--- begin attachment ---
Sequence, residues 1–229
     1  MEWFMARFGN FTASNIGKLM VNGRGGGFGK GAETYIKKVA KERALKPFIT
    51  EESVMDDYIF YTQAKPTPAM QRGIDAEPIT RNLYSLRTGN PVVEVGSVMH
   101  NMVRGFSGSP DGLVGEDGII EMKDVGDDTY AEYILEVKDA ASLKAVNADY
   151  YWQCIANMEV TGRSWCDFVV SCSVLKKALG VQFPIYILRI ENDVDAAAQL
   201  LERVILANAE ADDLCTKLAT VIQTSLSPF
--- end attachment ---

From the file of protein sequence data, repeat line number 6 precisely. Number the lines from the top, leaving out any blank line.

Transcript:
   201  LERVILANAE ADDLCTKLAT VIQTSLSPF